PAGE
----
contract rather than the bodily injury to Batson. We conclude that no
coverage exists for the breach of contract, because the breach did not
constitute an “occurrence” that resulted in bodily injury or property
damage under the definitions within the policy, which was necessary to
bring such claim within the policy coverage. . . .
Reliance Ins. Co., 540 So. 2d at 690-91 (citations omitted, alteration in original,
emphasis supplied). As another judge in the Eleventh Circuit observed in a case that
also required construction of the Reliance holding, it is difficult to lift from the
foregoing statements “any overall principle or principles that might guide the court
in resolving the issue presented in the instant case.” Auto-Owners Insurance Co. v.
“granted summary judgment in favor of Essex against Wyatt on the breach of contract claim.”
Reliance Insurance Co. v. Gary C. Wyatt, Inc., 540 So. 2d 688, 689 (Ala. 1988).
Toole, 947 F. Supp. 1557, 1564 (M.D. Ala. 1996) (Thompson, J.).
In addition, this court finds that Reliance is distinguishable. That case turned
upon the fact that the insured, Wyatt, had breached an express contractual promise,
whereas the claim in the present action is predicated upon an obligation imposed by
the law in the absence of an express representation or promise that the thing sold to
James Wiese was fit for the ordinary purposes for which such goods are used.22
The Alabama Supreme Court’s plurality opinion in
Benefield v. Aquaslide ‘N’ Dive Corp.
The binding authority that ultimately provides the most guidance for a decision
in the present action is the one upon which James Wiese’s remaining claim was
founded: Benefield v. Aquaslide ‘N’ Dive Corp., 406 So. 2d 873 (Ala. 1981). The
plaintiff’s decedent in that case died nine days after suffering a spinal cord injury on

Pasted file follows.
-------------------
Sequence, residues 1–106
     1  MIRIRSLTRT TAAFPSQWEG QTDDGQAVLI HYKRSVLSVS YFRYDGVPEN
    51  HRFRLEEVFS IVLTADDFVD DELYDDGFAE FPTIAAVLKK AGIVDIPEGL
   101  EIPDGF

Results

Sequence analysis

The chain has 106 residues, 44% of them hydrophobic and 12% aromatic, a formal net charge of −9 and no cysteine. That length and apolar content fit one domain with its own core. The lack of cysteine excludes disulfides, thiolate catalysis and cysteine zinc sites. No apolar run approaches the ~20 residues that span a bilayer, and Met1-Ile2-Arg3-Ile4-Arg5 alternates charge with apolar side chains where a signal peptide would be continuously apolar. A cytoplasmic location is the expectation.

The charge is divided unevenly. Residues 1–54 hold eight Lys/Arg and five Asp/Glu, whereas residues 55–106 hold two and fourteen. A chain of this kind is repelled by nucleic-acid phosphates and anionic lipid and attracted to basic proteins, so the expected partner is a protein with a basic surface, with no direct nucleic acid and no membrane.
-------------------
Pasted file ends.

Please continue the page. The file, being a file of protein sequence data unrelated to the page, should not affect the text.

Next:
a swimming pool sliding board manufactured by the defendant, Aquaslide. Neither
the deceased, nor anyone acting on his behalf, filed an action prior to his death. The
suit subsequently filed against Aquaslide by the personal representative of the
decedent’s estate contained a claim for wrongful death under the Alabama Extended
Manufacturer’s Doctrine and the wrongful death statute, as well as a separate count
setting forth “a claim for breach of warranties, seeking recovery not for the death of
See, e.g., Black’s Law Dictionary 1725 (9th ed. 2009) (defining implied warranty as: “An
obligation imposed by the law when there has been no representation or promise; esp., a warranty
arising by operation of la because of the circumstances of a sale, rather than by the seller’s express
the decedent, but for the pain and medical expenses suffered by him between the date
of his injury and the date of his death.” Id. at 874. The trial court dismissed the claim
for “breach of warranties” (presumably, the implied warranties of merchantability and
fitness for a particular purpose). See id.; Ala. R. Civ. P. 12(b)(6). The Alabama
Supreme Court accepted an interlocutory appeal from that ruling, and a majority of
the Court reversed — even though, as in the opinion entered following interlocutory
appeal from the underlying state-court action, the Justices could not agree on the
rationale for doing so.23
The plurality opinion turned upon Alabama Code § 6-5-462, providing that “all
claims upon which no action has been filed on a contract, express or implied, . . .
survive in favor of . . . personal representatives,”24 and held that:
A contract action pursuant to § 6-5-462 survives in favor of the
personal representative regardless of whether the decedent filed the
action before his death. The fact that the decedent dies as a result of the
Justice Beatty authored the plurality’s opinion for himself and Justices Faulkner, Embry,
and Adams. Justice Jones concurred specially, and filed a separate opinion. Justice Shores dissented
in an opinion joined by Chief Justice Torbert and Justice Maddox. Justice Almon dissented without
opinion. See Benefield v. Aquaslide ‘N' Dive Corp., 406 So. 2d 873, 876 (Ala. 1981).
The full text of the quoted statute reads as follows:
In all proceedings not of an equitable nature, all claims upon which an action